Jacobsen asymmetric epoxidation

Mechanism + Description

The mechanism is not fully understood. The possibilities are a concerted pathway, a metalla-oxetane pathway and a radical pathway.

General comments

The Jacobsen epoxidation and Katsuki variant are more flexible than the Sharpless AE since the presence of an allylic alcohol function is not required. A chiral Mn salen complex is oxidised and the oxygen transferred to one prochiral face of the alkene. A variety of oxidising agents can be employed as the terminal oxidant – mCPBA, NaOCl etc.

Key references

Short review of Jacobsen epoxidation
J. Am. Chem .Soc.112 (7): 2801–2803  Jacobsen paper
J . Org. Chem. 1994 59 (16): 4378–4380  Enantioselective, Catalytic Epoxidation of Trisubstituted Olefins
Tet. Asymm. 1991,2, 481-498  Catalytic asymmetric epoxidation of unfunctionalized olefins 

Relevant scale up example

850 gram scale

Org. Process Res. Dev. 2003, 7, 821-827


Green Review

  1. Atom efficiency (by-products Mwt)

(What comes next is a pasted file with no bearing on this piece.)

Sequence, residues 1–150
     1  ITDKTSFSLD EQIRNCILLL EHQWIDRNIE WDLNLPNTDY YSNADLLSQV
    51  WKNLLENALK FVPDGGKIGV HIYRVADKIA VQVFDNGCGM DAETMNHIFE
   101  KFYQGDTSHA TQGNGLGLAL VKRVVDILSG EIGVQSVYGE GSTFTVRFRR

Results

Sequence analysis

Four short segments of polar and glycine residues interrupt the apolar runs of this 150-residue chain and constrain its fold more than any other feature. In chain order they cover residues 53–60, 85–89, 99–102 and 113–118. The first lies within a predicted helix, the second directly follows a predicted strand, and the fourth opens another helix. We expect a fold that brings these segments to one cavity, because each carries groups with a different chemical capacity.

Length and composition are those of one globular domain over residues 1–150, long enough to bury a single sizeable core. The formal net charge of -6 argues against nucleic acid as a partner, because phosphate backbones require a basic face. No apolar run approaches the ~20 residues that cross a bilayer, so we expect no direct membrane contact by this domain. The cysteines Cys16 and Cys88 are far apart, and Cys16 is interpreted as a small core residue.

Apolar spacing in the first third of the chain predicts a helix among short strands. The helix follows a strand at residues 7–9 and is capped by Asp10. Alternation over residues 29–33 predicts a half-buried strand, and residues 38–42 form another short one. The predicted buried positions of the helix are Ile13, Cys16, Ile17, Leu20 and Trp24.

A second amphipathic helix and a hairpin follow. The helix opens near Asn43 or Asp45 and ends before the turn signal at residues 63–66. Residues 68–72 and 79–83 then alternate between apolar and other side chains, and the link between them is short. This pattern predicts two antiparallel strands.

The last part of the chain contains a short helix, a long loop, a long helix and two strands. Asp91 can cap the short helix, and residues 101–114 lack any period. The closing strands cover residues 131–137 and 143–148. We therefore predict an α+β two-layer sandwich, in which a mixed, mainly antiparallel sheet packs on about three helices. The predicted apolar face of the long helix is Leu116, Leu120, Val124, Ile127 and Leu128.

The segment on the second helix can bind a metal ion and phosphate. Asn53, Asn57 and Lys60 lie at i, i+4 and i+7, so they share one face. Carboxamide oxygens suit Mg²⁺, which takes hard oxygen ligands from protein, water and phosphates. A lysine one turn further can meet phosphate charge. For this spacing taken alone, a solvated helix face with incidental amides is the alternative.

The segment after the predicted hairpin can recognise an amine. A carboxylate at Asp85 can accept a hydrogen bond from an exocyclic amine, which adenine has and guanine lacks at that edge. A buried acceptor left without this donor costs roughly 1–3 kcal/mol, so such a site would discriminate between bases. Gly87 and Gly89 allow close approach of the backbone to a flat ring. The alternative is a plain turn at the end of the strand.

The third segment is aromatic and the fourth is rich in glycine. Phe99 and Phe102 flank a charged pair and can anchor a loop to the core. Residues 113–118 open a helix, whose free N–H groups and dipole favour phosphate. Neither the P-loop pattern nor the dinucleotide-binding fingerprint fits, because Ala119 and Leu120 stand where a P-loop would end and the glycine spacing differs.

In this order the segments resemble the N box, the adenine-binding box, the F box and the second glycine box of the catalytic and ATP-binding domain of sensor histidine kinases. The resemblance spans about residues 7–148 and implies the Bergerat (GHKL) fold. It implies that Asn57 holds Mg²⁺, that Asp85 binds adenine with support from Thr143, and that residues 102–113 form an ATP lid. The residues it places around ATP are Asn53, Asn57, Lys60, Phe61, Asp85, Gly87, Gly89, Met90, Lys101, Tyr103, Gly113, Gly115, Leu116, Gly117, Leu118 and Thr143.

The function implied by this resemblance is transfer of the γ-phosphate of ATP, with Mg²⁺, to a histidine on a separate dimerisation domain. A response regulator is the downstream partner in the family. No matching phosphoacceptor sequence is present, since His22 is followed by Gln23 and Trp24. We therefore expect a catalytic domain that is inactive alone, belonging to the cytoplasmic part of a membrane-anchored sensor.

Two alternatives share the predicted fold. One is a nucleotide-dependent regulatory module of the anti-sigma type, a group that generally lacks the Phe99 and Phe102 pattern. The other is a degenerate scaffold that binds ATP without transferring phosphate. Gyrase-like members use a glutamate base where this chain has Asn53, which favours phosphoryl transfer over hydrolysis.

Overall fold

In order to achieve good atom efficiency, the quantities of the terminal oxidant should be optimised, a low Mwt oxidant like NaOCl employed. Generally better catalytic efficiency is seen with the Jacobsen compared to the Sharpless epoxidation.
  2. Safety Concerns
    Main issues are around the terminal oxidant – especially if a peracid like mCPBA – see peracids section. The safety of oxidation processes run in potentially peroxidisable solvents (e.g. THF, acetone) is dependent on many factors; in these cases, Process Safety should be consulted as soon as possible. Some combinations may generate detonable mixtures or by-products. The work up must ensure that oxidants are removed or destroyed prior to product isolation and waste is treated or appropriately disposed of. To avoid secondary decomposition which may have destructive consequences, it is important to ensure that active oxidants are not present in waste streams. Use of an alternate solvent may avoid such safety concerns.
  3. Toxicity and environmental/aquatic impact
    Typically run in DCM, other greener solvents can be employed for the Jacobsen epoxidation.
  4. Cost, availability & sustainable feedstocks
    Reasonably cheap and readily available reagents. Biggest cost is the chiral Mn catalyst.
  5. Sustainable implications
    Manganese is rated at medium risk for depletion
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